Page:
What would a woman in tech do about the gender gap?

8 months ago admin Comments Off on What would a woman in tech do about the gender gap?

The tech industry has done a lot of soul- and talent-searching in recent years to try and improve upon its dismal track record of hiring and promoting women.

According to a McKinsey & Co. study, “only 37% of workers in entry-level positions are female… and women make up only 19% of tech senior vice presidents and 15% of CEOs.” Findings like those have many of the male-dominated boards and leadership teams at tech companies asking, “What should we do?”

My answer? Let’s ask the women of the tech world. Clearly, women CIOs, CTOs and chief digital officers (CDO) who have made it to the top have some valuable insight into reaching the IT industry’s highest levels as a woman. But would they each share similar insights and tips, or would their experiences and ideas vary widely? To find out, I posed this simple question to women IT leaders from around the globe:

What advice would you give to businesses looking to groom more women for the C-suite and to increase the number of women in senior leadership roles?

In their candid responses, shared below, it was easy to find consistent themes.  If you want more women entering and advancing in technology, you need to do three things:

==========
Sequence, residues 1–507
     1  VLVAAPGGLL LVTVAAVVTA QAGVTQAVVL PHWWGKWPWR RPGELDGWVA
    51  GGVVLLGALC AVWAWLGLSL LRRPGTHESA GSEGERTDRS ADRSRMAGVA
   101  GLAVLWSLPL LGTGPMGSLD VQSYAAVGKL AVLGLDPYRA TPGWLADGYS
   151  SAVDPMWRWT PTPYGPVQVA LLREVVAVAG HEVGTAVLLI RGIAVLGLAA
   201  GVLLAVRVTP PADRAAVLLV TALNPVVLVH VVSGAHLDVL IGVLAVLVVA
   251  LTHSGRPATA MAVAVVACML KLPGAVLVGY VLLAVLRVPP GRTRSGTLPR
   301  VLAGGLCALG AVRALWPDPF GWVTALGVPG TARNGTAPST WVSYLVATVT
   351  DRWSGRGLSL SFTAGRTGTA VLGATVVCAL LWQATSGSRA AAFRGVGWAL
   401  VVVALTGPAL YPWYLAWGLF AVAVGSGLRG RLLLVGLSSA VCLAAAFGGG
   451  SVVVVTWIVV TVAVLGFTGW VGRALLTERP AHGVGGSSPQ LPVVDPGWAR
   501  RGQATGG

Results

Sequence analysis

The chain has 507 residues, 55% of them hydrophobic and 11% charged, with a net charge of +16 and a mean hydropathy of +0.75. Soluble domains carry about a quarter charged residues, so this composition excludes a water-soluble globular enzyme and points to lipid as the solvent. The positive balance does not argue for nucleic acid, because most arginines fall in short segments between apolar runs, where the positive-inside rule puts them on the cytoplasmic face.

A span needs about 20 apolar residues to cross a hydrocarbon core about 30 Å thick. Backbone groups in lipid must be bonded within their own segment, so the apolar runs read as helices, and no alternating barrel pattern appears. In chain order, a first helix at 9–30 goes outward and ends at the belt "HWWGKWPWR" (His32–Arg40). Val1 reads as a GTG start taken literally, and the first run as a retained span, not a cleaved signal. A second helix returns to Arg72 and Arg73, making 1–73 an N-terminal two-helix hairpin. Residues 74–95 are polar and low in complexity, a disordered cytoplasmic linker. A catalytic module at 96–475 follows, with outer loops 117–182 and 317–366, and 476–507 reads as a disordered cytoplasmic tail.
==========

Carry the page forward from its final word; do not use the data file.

You can’t alter the makeup of your leadership team and workforce without change. Despite that inarguable fact, many tech businesses are hoping to change their gender balances while clinging to traditional workforce models and constructs for hiring, training and promoting.

Here’s what the women tech leaders advise. 

— Jessie Adcock, CTO, City of Vancouver,
Vancouver, Canada

— Rebekah Horne, chief digital and information officer,
National Rugby League,
Sydney Australia

Is changing the current makeup of the IT workforce everyone’s job? Yes and no. Everyone can play a role, but the talent acquisition experts and business leaders need to step up their game to ensure their foundational work is outstanding. Without topnotch workforce planning, development plans and career pathways, a business won’t be able to recruit and retain strong talent of any gender. 

— Vicki Miller, GAICD, 
director, Springboard and Co.,
Melbourne, Australia

— Rebekah Horne, chief digital and information officer,
National Rugby League,
Sydney Australia

No one makes it to the top on her own, but decades of boys club behavior driving hiring and investing across Silicon Valley has made it unquestionably harder for women technologists and entrepreneurs to get noticed and supported. To make up for women’s lost time and lack of access to senior leadership circles, businesses need to be proactive about mentoring and grooming female talent for leadership.

— Debra C. Robinson, CTO,
Hearst Magazines

— Rachel Glickman, CDO,
Playbill

Optimism about the future

With lots of advice to give, you might imagine these tech leaders would be less than optimistic about what the future holds for women and diversity in IT. But that wasn’t the case. These leaders see progress ahead and I will conclude with one leader’s hopeful outlook for more diversity ahead:

— Catherine Devine, CDO,
American Museum of Natural History, New York

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